In the context about discussions of intergenerational justice earlier this year, Michael Gerson said that such across-the-board cuts are “really the lazy abdication of governing.” And with respect to the outcome of the supercommittee process, Gerson is laying the lion’s share of blame for this failure to govern with President Obama: “It is the executive, not the legislature, that gives the budget process energy and direction. The supercommittee failed primarily because President Obama gave a shrug.”

But I want to speak out in favor of across-the-board cuts, at least provisionally. I do not think they necessarily represent a failure to govern, or the “lazy abdication of governing.” It’s true as Gerson says that “To govern is to choose. And some choices are more justified than others.” In the case where there is no clear agreement about spending priorities, or even the basic views of the purpose of government, choosing to keep spending priorities as they currently exist might just be the most feasible political move. If everyone agrees that there needs to be cuts, but no one wants their pet programs cut, then it seems reasonable to, as Gerson puts it, “let everyone bear an equal burden.”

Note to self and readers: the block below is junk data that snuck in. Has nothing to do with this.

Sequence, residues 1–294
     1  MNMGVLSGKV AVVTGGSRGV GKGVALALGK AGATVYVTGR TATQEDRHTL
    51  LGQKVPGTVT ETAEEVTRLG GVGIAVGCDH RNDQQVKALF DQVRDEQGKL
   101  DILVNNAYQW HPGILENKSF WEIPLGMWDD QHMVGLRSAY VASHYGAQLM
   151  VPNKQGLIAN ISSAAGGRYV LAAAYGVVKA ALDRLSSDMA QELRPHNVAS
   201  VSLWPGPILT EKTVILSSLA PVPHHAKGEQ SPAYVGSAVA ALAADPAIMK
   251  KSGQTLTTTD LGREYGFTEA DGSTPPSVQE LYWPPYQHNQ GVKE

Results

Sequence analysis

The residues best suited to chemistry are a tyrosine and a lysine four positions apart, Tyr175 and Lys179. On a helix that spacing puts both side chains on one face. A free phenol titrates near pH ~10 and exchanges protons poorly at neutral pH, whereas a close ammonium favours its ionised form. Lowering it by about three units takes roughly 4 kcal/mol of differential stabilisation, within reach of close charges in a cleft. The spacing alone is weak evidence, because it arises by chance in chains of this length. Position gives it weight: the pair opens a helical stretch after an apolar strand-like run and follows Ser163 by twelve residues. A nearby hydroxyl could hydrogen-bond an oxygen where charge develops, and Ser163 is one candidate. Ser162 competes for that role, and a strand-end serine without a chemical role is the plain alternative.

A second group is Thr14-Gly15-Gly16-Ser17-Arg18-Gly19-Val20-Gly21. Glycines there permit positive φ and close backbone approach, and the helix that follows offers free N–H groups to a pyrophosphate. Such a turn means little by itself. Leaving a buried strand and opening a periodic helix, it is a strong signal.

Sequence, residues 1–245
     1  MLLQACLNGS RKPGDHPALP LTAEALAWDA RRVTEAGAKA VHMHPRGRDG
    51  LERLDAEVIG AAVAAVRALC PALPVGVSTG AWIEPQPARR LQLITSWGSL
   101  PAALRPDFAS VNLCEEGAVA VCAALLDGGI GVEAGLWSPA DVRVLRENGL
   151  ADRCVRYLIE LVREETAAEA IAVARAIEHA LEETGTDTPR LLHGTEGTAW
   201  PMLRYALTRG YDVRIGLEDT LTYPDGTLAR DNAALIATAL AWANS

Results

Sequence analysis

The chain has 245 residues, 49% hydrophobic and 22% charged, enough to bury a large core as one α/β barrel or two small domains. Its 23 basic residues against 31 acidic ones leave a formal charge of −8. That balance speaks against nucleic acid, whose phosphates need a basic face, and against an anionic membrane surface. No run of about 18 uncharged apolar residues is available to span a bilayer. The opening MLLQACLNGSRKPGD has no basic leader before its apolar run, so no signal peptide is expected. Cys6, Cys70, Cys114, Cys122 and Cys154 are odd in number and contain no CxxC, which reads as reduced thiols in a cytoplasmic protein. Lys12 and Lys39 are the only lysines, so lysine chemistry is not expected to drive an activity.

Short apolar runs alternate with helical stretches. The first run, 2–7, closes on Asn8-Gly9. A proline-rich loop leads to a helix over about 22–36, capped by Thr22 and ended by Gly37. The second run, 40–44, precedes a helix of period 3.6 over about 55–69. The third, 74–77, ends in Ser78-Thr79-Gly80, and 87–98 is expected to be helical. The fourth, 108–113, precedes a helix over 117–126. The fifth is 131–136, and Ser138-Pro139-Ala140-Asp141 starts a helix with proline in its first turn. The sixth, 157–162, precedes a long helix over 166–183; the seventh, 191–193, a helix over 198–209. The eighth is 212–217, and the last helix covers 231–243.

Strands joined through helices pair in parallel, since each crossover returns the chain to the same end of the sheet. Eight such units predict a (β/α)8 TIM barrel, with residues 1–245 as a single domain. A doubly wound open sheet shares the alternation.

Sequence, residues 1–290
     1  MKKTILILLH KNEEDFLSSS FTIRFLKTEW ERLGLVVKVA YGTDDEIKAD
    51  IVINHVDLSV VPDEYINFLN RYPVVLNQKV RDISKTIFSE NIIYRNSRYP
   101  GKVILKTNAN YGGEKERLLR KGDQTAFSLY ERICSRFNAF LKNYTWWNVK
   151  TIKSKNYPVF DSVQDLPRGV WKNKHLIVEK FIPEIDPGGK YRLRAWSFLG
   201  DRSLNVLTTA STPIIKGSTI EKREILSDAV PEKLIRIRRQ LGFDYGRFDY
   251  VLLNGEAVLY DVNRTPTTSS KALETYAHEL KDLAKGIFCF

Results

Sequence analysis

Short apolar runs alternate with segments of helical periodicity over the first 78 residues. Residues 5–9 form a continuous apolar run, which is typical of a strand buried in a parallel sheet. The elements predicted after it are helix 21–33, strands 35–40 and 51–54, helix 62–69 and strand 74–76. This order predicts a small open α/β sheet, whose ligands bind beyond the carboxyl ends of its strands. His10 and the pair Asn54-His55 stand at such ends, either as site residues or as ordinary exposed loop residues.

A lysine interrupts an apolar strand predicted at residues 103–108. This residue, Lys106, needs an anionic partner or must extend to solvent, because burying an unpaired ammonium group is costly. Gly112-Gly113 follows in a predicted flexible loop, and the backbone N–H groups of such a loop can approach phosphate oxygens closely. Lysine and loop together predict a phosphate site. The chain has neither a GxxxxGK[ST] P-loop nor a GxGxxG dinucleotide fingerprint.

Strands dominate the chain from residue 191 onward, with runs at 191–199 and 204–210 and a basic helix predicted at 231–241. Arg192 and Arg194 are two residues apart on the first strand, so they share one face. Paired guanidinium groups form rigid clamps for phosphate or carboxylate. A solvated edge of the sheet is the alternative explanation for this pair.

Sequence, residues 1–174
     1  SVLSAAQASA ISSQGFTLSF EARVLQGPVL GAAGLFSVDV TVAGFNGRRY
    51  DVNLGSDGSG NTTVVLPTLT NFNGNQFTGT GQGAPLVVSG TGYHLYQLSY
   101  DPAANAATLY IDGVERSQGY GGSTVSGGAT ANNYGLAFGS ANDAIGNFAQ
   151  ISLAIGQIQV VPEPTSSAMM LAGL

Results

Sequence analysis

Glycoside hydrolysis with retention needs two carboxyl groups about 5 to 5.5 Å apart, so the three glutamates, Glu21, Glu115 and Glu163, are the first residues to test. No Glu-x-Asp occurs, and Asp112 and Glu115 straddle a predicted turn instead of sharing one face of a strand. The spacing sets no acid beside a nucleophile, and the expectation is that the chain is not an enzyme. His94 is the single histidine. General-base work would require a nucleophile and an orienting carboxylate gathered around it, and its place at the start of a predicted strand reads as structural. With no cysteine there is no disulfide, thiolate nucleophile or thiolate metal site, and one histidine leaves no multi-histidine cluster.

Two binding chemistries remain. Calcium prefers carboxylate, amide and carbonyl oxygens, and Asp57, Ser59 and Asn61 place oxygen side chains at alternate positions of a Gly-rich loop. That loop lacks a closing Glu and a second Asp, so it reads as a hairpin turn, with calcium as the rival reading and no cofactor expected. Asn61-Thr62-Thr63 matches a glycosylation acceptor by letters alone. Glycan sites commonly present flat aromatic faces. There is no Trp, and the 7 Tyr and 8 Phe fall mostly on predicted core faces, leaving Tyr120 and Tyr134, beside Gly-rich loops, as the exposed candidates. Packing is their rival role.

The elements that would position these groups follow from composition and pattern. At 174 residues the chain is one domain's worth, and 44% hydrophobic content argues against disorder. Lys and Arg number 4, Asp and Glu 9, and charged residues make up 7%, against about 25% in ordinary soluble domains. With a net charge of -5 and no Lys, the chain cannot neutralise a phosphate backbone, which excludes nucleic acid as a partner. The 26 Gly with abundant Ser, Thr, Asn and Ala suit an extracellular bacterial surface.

If we were to try to weigh the cuts and divide them proportionally between various areas of government spending, it seems to me that we’d need to come to grips with the various responsibilities of government: primary, secondary, tertiary, and so on. Things that are more central to the federal government’s purpose should be cut relatively less than those things that are more peripheral. That’s the view that appears in the Acton Institute’s “Principles for Budget Reform,” for instance.

But one thing that’s clear about today’s political climate is that there is very little consensus on what the central functions of government are. And in the absence of consensus, maintaining current spending priorities might be the best we can hope for.